Two LAPD beat cops (Jake Gyllenhaal and Michael Peña) are marked for death after they make a series of busts that disrupt operations for a powerful drug cartel.
Director/Writer: David Ayer (Director of “Street Kings” and writer of “Training Day”)
Notable Supporting Actors: Anna Kendrick, Natalie Martinez, David Harbour, Frank Grillo, America Ferrera, Cody Horn
MY TAKE: Intense, gritty, and grotesque. These three words summarize David Ayer’s cop drama “End of Watch.” This gut wrenching flick is like an uncensored version of the show “Cops,” that’s so emotionally charged that it makes Ayer’s own “Training Day” look wimpy.
The reason it’s so affecting is its compelling use of found footage storytelling. Your ride along with Gyllenhaal’s Brian Taylor and Peña’s Mike Zavalas can be funny when they’re joking around and exciting like a first-person shooter during the tactical sequences, but it’s mostly twisted voyeurism. That’s because you witness horrific acts of violence and squalid crime scene conditions that the camera lingers on, almost as if to say “Can you believe how disgusting this is?” For found footage there’s surprisingly high production value, especially in the film’s romanticism for the Los Angeles scenery at night. There are some choppy moments as expected though, mostly when the characters are involved in fisticuffs.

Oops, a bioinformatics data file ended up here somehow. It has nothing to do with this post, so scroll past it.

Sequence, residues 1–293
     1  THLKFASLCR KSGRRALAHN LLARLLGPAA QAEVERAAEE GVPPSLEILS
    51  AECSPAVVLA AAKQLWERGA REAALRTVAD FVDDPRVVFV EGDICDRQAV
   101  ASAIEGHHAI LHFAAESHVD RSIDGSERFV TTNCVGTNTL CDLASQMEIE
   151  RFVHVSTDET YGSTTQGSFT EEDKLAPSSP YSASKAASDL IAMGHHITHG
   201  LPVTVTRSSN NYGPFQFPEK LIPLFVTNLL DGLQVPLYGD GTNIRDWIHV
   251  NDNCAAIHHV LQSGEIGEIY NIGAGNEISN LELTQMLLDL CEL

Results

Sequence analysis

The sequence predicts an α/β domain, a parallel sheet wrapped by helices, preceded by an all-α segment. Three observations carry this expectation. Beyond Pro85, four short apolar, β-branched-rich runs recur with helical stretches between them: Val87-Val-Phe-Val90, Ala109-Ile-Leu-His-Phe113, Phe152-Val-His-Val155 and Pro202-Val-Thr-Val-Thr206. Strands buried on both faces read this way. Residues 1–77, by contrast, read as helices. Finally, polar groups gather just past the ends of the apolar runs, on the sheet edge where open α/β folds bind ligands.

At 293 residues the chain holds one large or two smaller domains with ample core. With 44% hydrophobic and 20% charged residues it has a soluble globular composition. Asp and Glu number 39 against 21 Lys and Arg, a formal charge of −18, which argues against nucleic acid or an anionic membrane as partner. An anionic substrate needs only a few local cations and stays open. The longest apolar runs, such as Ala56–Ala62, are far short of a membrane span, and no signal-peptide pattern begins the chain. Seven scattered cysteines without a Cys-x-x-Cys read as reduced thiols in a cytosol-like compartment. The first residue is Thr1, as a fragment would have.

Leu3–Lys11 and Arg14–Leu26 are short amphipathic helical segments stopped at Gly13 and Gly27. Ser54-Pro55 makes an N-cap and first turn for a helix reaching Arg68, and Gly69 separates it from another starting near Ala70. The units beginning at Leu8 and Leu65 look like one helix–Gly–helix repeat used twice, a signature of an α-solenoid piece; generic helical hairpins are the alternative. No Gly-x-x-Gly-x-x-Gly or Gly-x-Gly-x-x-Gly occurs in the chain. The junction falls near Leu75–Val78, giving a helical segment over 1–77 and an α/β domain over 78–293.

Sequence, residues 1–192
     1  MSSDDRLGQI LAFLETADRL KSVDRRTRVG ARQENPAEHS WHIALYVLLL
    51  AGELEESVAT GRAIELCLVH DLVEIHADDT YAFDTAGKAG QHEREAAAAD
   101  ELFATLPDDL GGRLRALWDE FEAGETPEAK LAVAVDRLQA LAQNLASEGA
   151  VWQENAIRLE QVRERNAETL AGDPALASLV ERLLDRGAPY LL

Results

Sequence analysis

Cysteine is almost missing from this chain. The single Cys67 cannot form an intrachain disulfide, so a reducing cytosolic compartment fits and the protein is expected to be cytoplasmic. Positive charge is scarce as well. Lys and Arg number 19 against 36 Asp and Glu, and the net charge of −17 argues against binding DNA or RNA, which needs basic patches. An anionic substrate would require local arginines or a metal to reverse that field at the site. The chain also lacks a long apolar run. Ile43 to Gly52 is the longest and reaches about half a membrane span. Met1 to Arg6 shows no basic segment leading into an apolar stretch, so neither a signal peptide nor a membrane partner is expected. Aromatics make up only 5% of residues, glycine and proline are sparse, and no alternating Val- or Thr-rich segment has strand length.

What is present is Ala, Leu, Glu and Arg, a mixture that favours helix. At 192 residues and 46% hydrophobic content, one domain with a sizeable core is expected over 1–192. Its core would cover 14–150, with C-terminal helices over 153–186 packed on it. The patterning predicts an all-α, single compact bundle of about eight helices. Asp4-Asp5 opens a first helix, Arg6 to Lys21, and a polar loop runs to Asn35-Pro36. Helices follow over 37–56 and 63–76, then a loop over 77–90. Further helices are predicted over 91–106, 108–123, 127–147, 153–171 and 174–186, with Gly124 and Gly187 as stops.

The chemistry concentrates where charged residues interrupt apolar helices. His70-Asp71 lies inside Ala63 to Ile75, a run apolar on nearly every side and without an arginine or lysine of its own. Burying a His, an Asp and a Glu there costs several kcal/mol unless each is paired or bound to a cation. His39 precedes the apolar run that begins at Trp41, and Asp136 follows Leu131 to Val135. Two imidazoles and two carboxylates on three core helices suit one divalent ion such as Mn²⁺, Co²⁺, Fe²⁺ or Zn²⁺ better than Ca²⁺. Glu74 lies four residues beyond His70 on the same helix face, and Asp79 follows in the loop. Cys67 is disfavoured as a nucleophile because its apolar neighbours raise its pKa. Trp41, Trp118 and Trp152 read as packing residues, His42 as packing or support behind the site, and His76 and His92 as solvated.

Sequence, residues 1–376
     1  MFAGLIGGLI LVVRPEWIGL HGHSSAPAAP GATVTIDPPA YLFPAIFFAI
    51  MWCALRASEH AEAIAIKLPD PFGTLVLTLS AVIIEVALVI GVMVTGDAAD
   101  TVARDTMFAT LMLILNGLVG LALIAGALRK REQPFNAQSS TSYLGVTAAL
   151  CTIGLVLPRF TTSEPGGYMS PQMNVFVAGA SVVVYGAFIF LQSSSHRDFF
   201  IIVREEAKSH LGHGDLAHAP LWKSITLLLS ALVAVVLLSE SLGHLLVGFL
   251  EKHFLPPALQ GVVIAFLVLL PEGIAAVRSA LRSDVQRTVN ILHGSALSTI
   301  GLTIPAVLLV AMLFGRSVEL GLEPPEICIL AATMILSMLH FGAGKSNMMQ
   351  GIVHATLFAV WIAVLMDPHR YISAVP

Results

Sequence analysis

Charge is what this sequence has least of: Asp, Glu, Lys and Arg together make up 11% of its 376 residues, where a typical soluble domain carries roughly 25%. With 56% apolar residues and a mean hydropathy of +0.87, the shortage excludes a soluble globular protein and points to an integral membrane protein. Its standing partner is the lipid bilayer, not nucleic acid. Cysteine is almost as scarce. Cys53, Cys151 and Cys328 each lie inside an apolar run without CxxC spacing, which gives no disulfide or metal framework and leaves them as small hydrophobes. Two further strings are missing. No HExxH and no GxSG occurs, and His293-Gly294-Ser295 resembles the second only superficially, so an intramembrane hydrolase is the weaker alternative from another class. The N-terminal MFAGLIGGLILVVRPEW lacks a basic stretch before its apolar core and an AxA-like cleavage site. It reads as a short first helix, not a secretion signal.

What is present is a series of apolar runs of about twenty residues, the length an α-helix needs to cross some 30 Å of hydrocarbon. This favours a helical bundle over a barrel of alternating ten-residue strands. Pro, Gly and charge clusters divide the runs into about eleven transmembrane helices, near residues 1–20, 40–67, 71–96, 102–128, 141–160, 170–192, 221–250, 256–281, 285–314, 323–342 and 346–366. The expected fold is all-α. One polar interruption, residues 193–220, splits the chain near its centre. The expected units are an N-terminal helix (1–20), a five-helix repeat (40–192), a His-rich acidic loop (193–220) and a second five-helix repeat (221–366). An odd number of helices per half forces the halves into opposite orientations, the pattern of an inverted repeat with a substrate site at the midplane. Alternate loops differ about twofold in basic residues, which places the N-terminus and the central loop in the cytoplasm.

“End of Watch” is a police tale, but Ayer’s movie is very much a character drama. Gyllenhaal and Peña both give truly convincing performances to get you to buy their brotherhood as partners. At points though, Ayer seems to get so distracted building up their relationship, that the angry drug cartel who want to kill them seem like an afterthought.
Ayer’s flick is the ultimate cautionary story about being overconfident. The cops in “End of Watch” play everything fast and loose, with no regard for the consequences of their actions. As the saying goes, “Play with fire, and you’ll get burned.” (Insert other clichés here.)